Protein concentration of retinal extracts were determined by a BCA kit (Pierce, Buenos Aires, Argentina) and 10 - 20 µg of proteins were electrophoresed in 15% SDS-PAGE. After electrophoresis, proteins were transferred to nitrocellulose membranes (Amersham Hybond ECL; GE Healthcare Bio-Sciences AB, Uppsala, Sweden). To prevent nonspecific binding, membranes were blocked with 5% milk in TBS containing 0.1% Tween-20 (TBST) during at least 1 h at RT. Then, blots were incubated with primary antibodies diluted in TBST or 5% BSA in TBST for 1 h at RT or ON at 4 ºC, according to the antibody. The following antibodies were used: rabbit polyclonal (1.5µg/ml; anti-Gal1 generated as described [30]), mouse monoclonal anti-VEGF (1/500; R&D system), rabbit polyclonal anti-GFAP (1/1000; Dako, Carpinteria, CA), mouse monoclonal anti-GS (1/500; Millipore Corporation MA, USA), rabbit polyclonal anti-caspase 3 (Sigma-Aldrich) and mouse monoclonal anti-β-actin (1/2000; Sigma-Aldrich). Blots were incubated with IRDye 800 CW donkey anti-rabbit Ig or IRDye 800 CW donkey anti-mouse IgG antibodies (1/15000 in TBS with 5% BSA) for 1 h, protected from light. After washing with TBST, membranes were visualized and quantified using the Odyssey Infrared Imaging System (LI-COR, Inc., Lincoln, NE, USA).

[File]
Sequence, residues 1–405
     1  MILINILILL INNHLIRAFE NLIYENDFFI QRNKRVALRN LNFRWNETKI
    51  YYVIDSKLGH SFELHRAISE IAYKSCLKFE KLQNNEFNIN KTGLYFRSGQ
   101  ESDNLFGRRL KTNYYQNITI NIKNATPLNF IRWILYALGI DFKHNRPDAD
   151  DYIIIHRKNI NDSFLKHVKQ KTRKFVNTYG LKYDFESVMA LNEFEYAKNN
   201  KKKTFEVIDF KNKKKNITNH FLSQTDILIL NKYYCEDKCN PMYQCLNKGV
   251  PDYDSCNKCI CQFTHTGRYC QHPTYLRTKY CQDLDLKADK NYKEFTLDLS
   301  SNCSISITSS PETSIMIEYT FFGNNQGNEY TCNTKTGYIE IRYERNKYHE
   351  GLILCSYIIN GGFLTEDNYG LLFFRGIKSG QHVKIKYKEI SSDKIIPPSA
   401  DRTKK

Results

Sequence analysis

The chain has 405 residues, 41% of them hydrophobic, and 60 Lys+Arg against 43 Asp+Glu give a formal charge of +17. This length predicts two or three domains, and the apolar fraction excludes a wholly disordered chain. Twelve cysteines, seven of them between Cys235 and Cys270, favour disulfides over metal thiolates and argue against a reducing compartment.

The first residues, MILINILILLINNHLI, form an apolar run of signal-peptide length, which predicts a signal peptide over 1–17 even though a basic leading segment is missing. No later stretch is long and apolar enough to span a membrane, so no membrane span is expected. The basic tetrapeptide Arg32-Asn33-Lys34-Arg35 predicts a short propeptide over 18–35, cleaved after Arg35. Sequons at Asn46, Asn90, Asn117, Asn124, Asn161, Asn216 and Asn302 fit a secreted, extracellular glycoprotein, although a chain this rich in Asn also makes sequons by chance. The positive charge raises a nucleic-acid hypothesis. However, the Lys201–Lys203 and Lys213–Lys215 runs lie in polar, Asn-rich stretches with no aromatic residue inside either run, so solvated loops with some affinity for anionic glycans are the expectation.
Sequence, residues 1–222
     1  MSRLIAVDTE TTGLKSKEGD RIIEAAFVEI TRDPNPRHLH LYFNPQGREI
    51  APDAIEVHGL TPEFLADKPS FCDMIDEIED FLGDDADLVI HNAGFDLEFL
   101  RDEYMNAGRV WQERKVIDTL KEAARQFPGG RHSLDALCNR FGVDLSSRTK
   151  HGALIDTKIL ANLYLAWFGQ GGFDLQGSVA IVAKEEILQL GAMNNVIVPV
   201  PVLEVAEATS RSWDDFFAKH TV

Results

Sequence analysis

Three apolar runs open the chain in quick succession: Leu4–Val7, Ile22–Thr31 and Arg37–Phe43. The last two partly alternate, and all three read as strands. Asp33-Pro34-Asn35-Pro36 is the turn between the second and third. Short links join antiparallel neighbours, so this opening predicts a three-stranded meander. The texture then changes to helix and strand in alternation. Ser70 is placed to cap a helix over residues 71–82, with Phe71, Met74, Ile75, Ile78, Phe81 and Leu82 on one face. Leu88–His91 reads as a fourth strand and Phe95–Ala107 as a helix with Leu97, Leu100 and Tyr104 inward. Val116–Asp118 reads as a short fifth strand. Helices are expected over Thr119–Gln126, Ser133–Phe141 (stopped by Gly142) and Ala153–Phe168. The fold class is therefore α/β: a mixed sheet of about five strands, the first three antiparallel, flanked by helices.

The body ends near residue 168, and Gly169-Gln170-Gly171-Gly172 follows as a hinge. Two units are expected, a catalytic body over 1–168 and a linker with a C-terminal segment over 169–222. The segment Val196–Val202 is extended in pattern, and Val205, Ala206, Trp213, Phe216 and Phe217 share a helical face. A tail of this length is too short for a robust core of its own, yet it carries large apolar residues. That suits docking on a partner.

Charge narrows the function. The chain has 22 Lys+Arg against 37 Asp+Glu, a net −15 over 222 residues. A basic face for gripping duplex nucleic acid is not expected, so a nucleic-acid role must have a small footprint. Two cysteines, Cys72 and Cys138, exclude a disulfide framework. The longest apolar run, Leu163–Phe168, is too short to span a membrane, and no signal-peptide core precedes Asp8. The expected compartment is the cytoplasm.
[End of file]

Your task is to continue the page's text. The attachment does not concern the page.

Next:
Total RNA was extracted from neural retinas using Trizol (Invitrogen), according to the manufacturer’s instructions and was processed as previously reported [67]. Briefly, 1 µg of total RNA was reverse-transcribed in a total volume of 20 µL using random primers (Invitrogen, Buenos Aires, Argentina) and 50 U of M-MLV reverse transcriptase (Promega Corp.). For qPCR, cDNA was mixed with 1x SYBR Green PCR Master Mix (Applied Biosystems) and the forward and reverse primers (Gal1 forward: TCAGCCTGGTCAAAGGTGAT/ Gal1 reverse: TGAACCTGGGAAAAGACAGC). qPCR were carried out on an Applied Biosystems 7500 Real-Time PCR System with Sequence Detection Software v1.4. The cycling conditions included a hot start at 95 °C for 10 min, followed by 40 cycles at 95 °C for 15 sec and 60 °C for 1 min. Specificity was verified by melting curve analysis. Results were normalized to β-actin (Forward: GGCTGTATTCCCCTCCATCG/ Reverse: CCAGTTGGTAACAATGCCATGT). Relative gene expression was calculated according to the 2-ΔΔCt method. Each sample was analyzed in triplicate. No amplification was observed in PCRs using as template water or RNA samples incubated without reverse transcriptase during the cDNA synthesis (data not shown).